Should some marriages be scare-quoted?

Many moons ago, when I was asking questions about why Religion News Service put “religious liberty” in quotes, defenders of the practice said it was just a way of signaling that while some people believe that a given issue deals with religious liberty, others do not. It’s a way to indicate that one is not taking sides on the matter. Astute readers noticed that if this were the policy, than we should see quotes around abortion “rights” and same-sex “marriage.”

But we never see such quotes in mainstream media stories, even though the key to abortion battles is whether there is, in fact, a “right” to abortion. And with marriage issues, it’s the same thing. Supporters of redefining marriage to include same-sex couples obviously think it’s a possibility that marriage law can be so changed while many opponents believe that it’s an ontological impossibility to have two people of the same sex in a marriage. And yet putting quotes around abortion “rights” and same-sex “marriage” would not be seen as neutrality at all, would it?

All that is background to a piece a reader sent in from the BBC this week, headlined “Kenyan trio in ‘wife-sharing’ deal.”

The quotes are all over the place in the article about two Kenyan men and the woman they both desire to marry:

Two Kenyan men have signed an agreement to “marry” the same woman…

Lawyers said the “marriage” would only be recognised if they could prove polyandry – a woman having more than one husband – was part of their custom…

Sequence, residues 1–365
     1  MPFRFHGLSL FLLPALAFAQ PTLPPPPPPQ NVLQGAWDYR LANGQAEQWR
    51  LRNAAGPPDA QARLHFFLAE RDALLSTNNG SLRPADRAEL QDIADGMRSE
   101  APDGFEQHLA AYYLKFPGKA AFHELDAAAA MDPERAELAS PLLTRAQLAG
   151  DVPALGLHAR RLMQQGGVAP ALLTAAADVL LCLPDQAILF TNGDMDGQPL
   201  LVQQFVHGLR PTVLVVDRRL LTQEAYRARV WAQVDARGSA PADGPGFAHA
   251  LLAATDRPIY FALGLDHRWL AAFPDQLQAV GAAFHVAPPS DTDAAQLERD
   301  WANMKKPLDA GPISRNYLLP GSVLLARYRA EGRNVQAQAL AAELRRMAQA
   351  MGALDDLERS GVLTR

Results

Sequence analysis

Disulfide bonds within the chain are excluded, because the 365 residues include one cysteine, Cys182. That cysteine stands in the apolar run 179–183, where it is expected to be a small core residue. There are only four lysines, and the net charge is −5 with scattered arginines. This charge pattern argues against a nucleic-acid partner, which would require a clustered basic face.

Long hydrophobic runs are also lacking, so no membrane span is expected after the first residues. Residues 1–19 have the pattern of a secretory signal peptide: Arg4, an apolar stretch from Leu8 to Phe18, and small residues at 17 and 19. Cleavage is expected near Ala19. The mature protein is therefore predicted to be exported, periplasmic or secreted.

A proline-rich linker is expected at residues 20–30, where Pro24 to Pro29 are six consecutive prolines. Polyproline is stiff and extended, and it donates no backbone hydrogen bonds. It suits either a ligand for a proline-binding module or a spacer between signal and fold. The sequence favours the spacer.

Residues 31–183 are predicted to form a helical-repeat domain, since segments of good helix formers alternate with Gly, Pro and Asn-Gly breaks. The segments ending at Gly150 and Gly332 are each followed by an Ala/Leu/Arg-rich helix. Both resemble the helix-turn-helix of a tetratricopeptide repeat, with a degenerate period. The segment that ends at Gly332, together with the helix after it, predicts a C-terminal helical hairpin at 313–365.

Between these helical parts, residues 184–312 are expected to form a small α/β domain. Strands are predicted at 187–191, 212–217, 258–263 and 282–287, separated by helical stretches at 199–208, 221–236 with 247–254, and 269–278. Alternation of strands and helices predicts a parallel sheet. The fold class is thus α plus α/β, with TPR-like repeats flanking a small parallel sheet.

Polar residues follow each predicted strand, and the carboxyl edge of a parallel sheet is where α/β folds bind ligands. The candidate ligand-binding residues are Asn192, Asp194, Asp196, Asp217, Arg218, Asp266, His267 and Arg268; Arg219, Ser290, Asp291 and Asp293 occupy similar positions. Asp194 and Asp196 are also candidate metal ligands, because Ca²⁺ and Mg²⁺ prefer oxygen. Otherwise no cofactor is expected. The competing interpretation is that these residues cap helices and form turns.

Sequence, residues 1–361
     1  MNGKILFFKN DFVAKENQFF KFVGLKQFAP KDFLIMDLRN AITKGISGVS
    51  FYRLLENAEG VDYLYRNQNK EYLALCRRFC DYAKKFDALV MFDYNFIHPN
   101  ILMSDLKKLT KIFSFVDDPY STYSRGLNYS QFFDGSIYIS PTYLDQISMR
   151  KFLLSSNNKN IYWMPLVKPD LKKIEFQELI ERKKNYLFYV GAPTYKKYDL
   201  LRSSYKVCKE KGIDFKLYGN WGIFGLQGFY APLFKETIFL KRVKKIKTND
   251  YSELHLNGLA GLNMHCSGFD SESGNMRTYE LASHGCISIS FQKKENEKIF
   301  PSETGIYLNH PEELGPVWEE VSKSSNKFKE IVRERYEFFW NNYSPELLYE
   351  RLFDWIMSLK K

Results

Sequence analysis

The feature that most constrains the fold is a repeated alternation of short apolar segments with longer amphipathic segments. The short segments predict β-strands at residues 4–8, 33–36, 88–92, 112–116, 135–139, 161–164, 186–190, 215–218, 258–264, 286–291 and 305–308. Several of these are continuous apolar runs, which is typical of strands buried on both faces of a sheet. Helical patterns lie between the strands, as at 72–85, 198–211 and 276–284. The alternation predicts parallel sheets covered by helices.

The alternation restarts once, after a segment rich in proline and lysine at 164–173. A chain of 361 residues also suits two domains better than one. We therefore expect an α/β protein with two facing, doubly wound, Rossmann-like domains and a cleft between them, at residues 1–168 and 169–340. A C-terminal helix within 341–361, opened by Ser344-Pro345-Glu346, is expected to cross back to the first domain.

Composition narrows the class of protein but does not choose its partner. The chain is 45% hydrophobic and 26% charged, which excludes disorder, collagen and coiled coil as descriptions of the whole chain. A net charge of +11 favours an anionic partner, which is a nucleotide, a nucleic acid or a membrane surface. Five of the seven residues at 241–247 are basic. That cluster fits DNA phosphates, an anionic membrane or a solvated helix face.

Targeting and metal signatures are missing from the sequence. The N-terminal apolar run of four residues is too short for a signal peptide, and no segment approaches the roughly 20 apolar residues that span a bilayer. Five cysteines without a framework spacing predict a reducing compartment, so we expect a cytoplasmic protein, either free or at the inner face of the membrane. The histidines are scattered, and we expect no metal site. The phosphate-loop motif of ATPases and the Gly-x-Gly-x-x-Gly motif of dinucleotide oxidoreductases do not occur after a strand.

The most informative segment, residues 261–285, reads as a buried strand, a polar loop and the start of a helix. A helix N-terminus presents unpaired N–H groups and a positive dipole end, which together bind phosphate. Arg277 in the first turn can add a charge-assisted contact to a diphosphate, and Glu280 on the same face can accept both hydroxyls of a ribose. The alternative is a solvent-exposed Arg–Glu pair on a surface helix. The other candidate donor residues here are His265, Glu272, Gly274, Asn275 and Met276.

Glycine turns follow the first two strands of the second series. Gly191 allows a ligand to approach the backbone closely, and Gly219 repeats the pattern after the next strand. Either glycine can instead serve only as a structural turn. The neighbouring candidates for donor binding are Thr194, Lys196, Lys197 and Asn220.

People have reacted with shock to the “marriage”, arguing that it is not acceptable in terms of their culture, religion or the law, he says.

Defending the “marriage”, Mr Mwendwa told the BBC Focus on Africa programme that while he may acting in breach of the law, he had decided to enter into a contract with Mr Kimani to end their rivalry.

Later, though:

Community policing officer Adhalah Abdulrahman persuaded the two men to marry the woman after he saw them fighting over her in Mombasa county, the local Daily Nation newspaper reports.

The reader who sent it in:

[Read more...]

Skeptical about the NYT’s Mormon skeptic piece

We joke about having guilt files here at GetReligion — folders full of stories that we’d like to look at and analyze but don’t get around to for one reason or another. I have one from May of last year headlined “Mormons struggling with doubt turn to online support groups.” I thought it such an intriguing topic and one handled well by focusing on a particular expression of doubt in a single religious community.

Doubt is a topic explored much more within religious communities than most people realize, and is seriously undercovered — or poorly covered — by the media.

I thought of that 2012 story today because we have another story along the same lines, this time in the New York Times, and headlined “Some Mormons Search the Web and Find Doubt.”

There is much to commend about the story and I encourage everyone to give it a read. I also will pass along some reader questions:

In the small but cohesive Mormon community where he grew up, Hans Mattsson was a solid believer and a pillar of the church. He followed his father and grandfather into church leadership and finally became an “area authority” overseeing the Church of Jesus Christ of Latter-day Saints throughout Europe.